QuoteOriginally posted by: outrunQuoteOriginally posted by: CuchulainnQuoteOriginally posted by: outrunover-insured can extra-hide bugs IMO. Instead of things crashing 100% of the time, it crashed 1% of the time.I agree.Like a HW calibrator that works for all vol except vol = 66.6%. It looks like a s/w error, but it is a model error. Putting smart ptr left, right and centre is not good IMO. SPs are not thread-safe. Probably means the code cannot be parallelized so easily.Good point about threads, I didn't realize that (but I've never used shared_ptr, I like accounting :d )Polter and myself on Concurrency thread had some remarks on making them thread-safe. I suppose the reference counter makes it non thread-safe. COM has exactly the same issues with AddRef(), Release() of reference count an you have to lock the count variable. I am not a compiler builder but I reckon something similar in C++11 is too late now and not desirable (locks). If you meet me in a dark lane on a Saturday night to choose between smart and raw, I would choose the latter, for parallel stuff. But boost scoped_ptr is exception safe.atomic operations in COM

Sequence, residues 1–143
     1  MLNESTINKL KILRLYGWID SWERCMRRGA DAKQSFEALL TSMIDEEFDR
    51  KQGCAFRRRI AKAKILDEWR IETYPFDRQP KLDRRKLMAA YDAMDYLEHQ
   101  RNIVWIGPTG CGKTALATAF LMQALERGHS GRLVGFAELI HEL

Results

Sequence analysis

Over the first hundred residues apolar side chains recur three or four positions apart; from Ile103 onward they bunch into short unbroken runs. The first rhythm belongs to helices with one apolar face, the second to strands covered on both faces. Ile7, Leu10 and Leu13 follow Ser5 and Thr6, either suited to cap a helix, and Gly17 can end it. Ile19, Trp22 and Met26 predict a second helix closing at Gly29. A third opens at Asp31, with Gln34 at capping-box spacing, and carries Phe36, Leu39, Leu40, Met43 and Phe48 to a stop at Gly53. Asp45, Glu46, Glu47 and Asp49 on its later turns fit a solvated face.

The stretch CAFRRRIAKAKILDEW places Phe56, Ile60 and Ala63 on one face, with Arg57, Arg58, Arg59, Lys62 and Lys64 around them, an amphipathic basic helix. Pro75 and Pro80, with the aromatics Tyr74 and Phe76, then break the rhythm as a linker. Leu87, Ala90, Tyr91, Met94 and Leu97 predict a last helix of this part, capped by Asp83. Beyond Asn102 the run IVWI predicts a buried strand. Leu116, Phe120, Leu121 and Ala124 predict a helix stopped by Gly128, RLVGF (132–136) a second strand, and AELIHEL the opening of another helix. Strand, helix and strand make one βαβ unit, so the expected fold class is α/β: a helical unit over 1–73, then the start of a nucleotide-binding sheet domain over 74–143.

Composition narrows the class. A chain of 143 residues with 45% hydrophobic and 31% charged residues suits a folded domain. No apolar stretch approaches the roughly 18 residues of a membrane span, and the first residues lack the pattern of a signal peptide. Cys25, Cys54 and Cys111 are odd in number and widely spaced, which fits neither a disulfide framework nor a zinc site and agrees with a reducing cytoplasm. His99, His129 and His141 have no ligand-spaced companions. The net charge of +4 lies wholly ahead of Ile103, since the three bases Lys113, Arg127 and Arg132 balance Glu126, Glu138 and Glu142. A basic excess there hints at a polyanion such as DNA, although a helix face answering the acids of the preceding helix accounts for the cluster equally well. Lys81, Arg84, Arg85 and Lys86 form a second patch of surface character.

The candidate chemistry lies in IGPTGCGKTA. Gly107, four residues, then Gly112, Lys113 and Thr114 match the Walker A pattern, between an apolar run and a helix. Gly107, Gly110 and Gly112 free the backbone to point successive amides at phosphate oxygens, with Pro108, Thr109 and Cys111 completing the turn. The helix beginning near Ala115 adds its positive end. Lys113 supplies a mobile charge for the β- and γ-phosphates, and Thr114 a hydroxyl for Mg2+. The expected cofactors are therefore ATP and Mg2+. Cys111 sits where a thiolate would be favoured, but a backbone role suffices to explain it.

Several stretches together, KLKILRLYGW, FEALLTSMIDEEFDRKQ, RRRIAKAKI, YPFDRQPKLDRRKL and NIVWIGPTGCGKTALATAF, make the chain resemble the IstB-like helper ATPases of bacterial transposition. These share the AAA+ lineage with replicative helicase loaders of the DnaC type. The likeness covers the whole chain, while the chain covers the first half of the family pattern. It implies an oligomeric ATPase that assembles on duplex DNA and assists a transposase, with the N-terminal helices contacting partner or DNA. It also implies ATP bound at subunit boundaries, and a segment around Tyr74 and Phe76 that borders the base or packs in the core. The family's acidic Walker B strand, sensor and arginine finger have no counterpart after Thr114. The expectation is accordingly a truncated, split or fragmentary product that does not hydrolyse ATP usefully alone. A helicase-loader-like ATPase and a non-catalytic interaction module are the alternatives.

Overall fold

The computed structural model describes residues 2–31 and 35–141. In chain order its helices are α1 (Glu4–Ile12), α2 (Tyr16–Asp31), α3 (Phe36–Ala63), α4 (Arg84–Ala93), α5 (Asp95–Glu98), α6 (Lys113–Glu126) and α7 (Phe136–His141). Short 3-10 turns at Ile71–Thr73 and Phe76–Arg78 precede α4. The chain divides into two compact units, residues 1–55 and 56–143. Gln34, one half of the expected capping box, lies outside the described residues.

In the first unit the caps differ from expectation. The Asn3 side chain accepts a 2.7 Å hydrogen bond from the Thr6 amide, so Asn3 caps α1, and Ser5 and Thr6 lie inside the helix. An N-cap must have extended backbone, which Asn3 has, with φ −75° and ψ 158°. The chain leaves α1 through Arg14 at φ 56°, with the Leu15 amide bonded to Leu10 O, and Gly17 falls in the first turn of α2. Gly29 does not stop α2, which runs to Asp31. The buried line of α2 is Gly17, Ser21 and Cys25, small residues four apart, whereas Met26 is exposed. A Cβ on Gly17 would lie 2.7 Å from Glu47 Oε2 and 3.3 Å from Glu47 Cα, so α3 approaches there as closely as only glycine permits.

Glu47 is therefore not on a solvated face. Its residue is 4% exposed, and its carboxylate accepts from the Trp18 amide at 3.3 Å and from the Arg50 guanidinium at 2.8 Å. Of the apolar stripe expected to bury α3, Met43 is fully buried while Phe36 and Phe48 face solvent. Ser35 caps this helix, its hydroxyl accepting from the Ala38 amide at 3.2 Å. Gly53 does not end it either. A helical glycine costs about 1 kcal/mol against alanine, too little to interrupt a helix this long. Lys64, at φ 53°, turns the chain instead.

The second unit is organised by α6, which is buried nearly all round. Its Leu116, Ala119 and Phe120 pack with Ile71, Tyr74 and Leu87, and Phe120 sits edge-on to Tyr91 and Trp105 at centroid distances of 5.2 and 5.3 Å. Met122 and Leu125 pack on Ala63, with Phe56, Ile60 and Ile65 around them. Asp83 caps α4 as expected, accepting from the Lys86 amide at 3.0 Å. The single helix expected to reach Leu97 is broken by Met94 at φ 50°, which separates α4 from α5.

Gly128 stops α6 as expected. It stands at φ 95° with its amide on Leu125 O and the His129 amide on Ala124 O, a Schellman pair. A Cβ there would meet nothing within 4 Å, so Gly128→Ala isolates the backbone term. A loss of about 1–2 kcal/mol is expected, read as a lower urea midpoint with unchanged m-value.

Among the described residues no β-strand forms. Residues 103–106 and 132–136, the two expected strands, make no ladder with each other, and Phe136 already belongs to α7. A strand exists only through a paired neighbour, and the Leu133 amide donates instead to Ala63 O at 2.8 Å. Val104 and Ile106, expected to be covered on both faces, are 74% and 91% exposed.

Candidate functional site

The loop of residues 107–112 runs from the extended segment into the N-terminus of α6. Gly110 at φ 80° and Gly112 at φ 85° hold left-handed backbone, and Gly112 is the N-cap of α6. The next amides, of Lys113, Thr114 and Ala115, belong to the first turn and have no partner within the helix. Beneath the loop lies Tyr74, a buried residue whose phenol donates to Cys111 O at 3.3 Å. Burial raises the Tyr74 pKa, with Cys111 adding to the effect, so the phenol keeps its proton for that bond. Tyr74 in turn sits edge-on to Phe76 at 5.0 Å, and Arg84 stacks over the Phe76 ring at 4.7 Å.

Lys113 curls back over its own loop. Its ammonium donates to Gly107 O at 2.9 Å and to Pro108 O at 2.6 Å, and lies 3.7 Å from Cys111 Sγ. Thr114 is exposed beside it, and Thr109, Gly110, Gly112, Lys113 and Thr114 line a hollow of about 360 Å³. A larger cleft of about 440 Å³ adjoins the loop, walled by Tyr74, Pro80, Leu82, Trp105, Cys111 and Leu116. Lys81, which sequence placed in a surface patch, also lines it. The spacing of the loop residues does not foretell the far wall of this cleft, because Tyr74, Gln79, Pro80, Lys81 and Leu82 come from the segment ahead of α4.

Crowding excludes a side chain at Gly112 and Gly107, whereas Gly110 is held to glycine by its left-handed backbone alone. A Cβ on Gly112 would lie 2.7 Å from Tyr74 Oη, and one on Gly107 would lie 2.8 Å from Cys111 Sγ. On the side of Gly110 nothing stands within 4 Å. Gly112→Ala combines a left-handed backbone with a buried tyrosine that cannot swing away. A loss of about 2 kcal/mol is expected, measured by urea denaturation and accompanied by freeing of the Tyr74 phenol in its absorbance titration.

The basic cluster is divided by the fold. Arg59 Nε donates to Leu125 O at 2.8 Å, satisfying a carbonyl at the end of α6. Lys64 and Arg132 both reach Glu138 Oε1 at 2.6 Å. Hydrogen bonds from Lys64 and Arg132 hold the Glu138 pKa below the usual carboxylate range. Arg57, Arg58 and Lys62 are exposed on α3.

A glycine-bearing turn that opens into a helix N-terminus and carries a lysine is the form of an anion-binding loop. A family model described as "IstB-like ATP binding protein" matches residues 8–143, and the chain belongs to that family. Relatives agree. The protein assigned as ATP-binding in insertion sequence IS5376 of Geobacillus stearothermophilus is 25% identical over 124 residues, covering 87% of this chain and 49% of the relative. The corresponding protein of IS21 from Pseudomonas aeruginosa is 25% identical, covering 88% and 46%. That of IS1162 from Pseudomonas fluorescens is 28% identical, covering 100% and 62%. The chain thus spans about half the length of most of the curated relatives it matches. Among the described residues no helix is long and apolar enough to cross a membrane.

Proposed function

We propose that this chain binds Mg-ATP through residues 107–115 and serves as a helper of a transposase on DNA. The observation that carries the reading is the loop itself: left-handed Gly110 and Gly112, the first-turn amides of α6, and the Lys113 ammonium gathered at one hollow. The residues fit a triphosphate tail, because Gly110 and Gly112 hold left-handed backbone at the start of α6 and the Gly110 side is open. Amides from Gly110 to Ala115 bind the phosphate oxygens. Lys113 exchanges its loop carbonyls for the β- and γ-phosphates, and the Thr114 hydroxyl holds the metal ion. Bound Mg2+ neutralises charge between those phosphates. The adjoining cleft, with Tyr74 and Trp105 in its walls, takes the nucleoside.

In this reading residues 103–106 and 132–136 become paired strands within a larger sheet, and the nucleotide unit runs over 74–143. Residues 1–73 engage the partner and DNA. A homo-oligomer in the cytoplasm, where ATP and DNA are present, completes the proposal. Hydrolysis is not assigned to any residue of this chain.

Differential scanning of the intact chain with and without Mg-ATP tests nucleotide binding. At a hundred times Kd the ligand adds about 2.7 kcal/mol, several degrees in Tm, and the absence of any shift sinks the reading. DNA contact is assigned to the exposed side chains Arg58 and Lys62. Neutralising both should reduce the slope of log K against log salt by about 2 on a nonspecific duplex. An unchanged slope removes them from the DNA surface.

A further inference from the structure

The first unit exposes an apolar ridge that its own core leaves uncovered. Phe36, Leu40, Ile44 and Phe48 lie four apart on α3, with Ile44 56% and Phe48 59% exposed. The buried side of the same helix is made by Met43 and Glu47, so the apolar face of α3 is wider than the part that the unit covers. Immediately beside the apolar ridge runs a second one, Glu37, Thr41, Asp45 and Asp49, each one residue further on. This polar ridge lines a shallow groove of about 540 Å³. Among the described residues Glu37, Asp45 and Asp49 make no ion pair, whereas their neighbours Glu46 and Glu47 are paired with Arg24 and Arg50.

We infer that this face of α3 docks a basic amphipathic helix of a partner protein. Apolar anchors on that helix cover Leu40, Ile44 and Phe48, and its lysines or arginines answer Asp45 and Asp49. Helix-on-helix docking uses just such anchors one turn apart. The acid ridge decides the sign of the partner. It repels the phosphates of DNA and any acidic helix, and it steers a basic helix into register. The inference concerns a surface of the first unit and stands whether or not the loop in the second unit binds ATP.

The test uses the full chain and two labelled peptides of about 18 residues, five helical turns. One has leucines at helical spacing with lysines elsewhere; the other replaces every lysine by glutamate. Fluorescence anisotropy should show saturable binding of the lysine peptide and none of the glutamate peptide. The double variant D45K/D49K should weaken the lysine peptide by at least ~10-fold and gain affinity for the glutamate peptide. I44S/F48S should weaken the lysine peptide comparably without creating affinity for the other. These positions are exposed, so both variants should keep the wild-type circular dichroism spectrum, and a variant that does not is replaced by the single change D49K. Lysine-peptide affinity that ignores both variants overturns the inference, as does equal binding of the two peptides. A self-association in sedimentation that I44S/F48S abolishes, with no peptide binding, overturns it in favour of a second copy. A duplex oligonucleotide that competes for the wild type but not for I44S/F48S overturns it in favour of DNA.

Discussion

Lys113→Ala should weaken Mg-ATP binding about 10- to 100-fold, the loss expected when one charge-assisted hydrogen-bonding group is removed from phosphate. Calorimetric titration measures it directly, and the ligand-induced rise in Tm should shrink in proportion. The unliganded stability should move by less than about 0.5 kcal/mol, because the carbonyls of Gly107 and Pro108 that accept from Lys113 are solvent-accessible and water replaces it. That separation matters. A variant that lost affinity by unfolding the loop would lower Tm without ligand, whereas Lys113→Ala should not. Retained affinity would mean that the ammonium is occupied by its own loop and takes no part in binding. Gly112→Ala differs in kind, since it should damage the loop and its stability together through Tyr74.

Last edited by Cuchulainn on August 21st, 2015, 10:00 pm, edited 1 time in total.
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Shared ptr

August 22nd, 2015, 6:40 pm

yes, I like atomic. Previously you had to use silly volatiles etc. Now it is much cleaner and lightweight. What do your think of this?
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Shared ptr

September 20th, 2015, 9:03 am

how to efficiently use Shared ptr in a link list ?
 
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ashkar
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Shared ptr